North Iraq: Liberation or permanent occupation? – July 17, 2017

On the 10th of this month, Iraqi Prime Minister Haider al-Abadi announced that the Iraqi city of Mosul was “liberated” by the terrorist organization ISIS. This announcement came after more than nine months of fighting by Iraqi and Kurdish forces alongside the International Coalition for Combating Terrorism. These forces have lost a great number of fighters and heavy military equipment, as the number of Iraqi army dead and sectarian militias fighting at its side in the Mosul battle are estimated at over 35.000 soldiers. It is a huge number if we take into account the number of ISIS fighters on the opposing side, which does not exceed 3.000 and fought until last breath. On the other hand, the number of civilian casualties during the battles as a result of the ethnic cleansing carried out by the Iranian sectarian militias against the Muslims who were trying to escape, as well as the air bombings of the international coalition, has exceeded 10,000, while the missing and wounded number many thousands. It is the fifth time this year that the Prime Minister of the Iraqi government proclaims the victory over ISIS in Mosul. This time, victory seems more real, since the terrorist organization has lost 98% of the city’s neighborhoods.

The city of Mosul is of strategic and historical significance for Iraq. It is the first large city to be captured by ISIS at the end of 2013, which then expanded to the center of Iraq to gain control of almost 35% of the Iraqi territory in mid-2014. The organization benefited from Mosul strategic position, to link the eastern part of Syria to northern and central Iraq. ISIS also put in possession the tremendous financial reserves it found at the Central bank of the city, which exceeded one billion dollars. The organization finally took advantage of high-quality oil mined in the countryside. Therefore, Mosul’s loss to ISIS will be an important turning point for the future of the organization in general.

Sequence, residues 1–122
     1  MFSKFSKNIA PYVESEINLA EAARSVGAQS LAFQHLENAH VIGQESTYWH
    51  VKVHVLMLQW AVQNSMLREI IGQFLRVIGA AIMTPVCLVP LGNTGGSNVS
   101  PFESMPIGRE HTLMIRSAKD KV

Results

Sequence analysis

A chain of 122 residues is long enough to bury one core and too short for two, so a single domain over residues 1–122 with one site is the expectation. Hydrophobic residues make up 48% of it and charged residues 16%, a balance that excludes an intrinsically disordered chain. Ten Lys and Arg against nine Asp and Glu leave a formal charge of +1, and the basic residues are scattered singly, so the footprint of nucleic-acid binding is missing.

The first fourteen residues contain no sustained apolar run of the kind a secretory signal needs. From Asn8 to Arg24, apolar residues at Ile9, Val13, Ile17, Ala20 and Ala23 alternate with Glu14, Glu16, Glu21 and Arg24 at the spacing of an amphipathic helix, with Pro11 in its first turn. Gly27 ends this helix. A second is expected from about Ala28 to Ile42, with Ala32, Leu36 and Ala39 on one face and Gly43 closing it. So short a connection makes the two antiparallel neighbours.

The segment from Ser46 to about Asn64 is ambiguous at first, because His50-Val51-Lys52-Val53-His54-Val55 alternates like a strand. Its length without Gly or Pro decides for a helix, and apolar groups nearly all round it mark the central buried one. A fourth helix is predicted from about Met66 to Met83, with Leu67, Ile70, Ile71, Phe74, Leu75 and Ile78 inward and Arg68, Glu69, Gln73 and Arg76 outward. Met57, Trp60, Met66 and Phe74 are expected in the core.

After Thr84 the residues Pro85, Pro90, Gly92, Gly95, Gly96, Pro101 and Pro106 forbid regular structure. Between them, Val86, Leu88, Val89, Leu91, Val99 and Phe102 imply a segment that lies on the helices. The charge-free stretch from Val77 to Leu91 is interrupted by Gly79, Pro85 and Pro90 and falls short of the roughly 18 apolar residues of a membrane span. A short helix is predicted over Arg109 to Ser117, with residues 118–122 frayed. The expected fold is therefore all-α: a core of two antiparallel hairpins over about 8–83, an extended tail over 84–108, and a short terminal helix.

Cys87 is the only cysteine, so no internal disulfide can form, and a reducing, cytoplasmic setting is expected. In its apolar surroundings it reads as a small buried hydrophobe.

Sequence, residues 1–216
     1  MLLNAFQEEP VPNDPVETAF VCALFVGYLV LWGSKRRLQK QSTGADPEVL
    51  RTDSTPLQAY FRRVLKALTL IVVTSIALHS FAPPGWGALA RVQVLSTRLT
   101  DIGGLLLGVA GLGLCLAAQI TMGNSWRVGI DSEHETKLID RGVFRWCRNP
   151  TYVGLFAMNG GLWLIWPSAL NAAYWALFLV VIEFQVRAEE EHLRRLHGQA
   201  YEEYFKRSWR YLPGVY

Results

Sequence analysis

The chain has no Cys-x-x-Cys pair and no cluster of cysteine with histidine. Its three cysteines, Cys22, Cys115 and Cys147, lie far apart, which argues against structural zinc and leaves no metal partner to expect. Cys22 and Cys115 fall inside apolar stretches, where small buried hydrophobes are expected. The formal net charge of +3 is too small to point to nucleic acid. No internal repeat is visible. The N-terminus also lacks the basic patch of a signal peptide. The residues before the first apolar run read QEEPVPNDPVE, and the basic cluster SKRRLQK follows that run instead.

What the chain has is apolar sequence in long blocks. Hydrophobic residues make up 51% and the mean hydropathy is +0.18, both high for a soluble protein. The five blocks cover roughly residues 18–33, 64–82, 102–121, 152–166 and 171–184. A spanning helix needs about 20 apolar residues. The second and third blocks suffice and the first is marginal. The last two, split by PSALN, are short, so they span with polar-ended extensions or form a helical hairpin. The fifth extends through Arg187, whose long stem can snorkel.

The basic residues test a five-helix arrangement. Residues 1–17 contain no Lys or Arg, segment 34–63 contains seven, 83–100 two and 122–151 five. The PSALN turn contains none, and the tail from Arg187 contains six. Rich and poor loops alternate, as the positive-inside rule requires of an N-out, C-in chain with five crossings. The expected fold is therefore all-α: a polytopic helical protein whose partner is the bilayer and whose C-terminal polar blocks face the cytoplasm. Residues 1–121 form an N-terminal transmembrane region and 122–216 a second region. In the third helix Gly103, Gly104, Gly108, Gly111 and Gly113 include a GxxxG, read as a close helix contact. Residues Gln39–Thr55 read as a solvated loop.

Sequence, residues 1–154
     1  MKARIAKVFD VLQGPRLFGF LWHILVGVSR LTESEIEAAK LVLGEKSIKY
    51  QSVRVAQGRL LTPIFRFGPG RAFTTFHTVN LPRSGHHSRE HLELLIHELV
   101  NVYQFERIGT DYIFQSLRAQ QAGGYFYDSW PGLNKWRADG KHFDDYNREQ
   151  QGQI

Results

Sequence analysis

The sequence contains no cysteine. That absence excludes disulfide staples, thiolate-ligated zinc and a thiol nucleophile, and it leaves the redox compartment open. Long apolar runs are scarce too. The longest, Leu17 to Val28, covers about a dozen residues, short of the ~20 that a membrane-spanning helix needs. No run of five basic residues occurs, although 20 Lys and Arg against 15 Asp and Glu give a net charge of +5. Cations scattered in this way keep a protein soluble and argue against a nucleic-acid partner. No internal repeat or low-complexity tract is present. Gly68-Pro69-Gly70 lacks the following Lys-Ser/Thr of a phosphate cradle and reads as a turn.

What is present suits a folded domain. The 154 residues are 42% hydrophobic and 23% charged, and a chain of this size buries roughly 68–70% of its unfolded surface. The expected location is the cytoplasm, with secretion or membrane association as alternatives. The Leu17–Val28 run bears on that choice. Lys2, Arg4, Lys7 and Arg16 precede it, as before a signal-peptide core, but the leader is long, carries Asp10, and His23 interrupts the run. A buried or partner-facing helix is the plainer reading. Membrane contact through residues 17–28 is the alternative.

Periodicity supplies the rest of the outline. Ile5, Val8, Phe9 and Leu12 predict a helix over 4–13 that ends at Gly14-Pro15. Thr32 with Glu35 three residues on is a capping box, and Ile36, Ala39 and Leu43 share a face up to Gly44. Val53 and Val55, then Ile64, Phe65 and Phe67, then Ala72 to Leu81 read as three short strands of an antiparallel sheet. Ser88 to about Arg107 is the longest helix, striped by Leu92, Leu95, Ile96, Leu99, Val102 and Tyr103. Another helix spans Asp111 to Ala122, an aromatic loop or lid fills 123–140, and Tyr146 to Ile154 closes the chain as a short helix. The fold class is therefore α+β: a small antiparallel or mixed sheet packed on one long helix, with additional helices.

Mosul, after ISIS, will no longer be like before. The terrorist organization will try to transfer its military and administrative structure outside of Iraq and Syria as a last resort before the final end. But the most important point now is the future of the city, as well as the reconstruction of infrastructure, estimated at more than 5 billion dollars.

The conflict does not end here, as the international forces will enter into a new struggle between each other about who will control the city. Iran, which has the largest influence on Iraqi territory and the Iraqi government, is preparing the redesign of the oil and gas pipelines connecting it to the Mediterranean and the European continent. Turkey, on the other hand, who has established a military base two years ago in the north of the city, expects to play a major role in the training and equipping of Iraqi Sunni tribes. Nonetheless, the US will have the final word about its future.

After the loss of the city of Mosul, the existence of ISIS on Iraqi territory is a matter of time. Raqqa battle, which began last month, paved the way for its end in Syria as well. This point was at the top of the debates of the Russian and US Presidents during the recent G20 summit. The two Presidents discussed the future of Syria and Iraq in the after ISIS era. Leaked information says the choice of division is becoming more and more likely. The biggest loser, of course, will be the people of this region.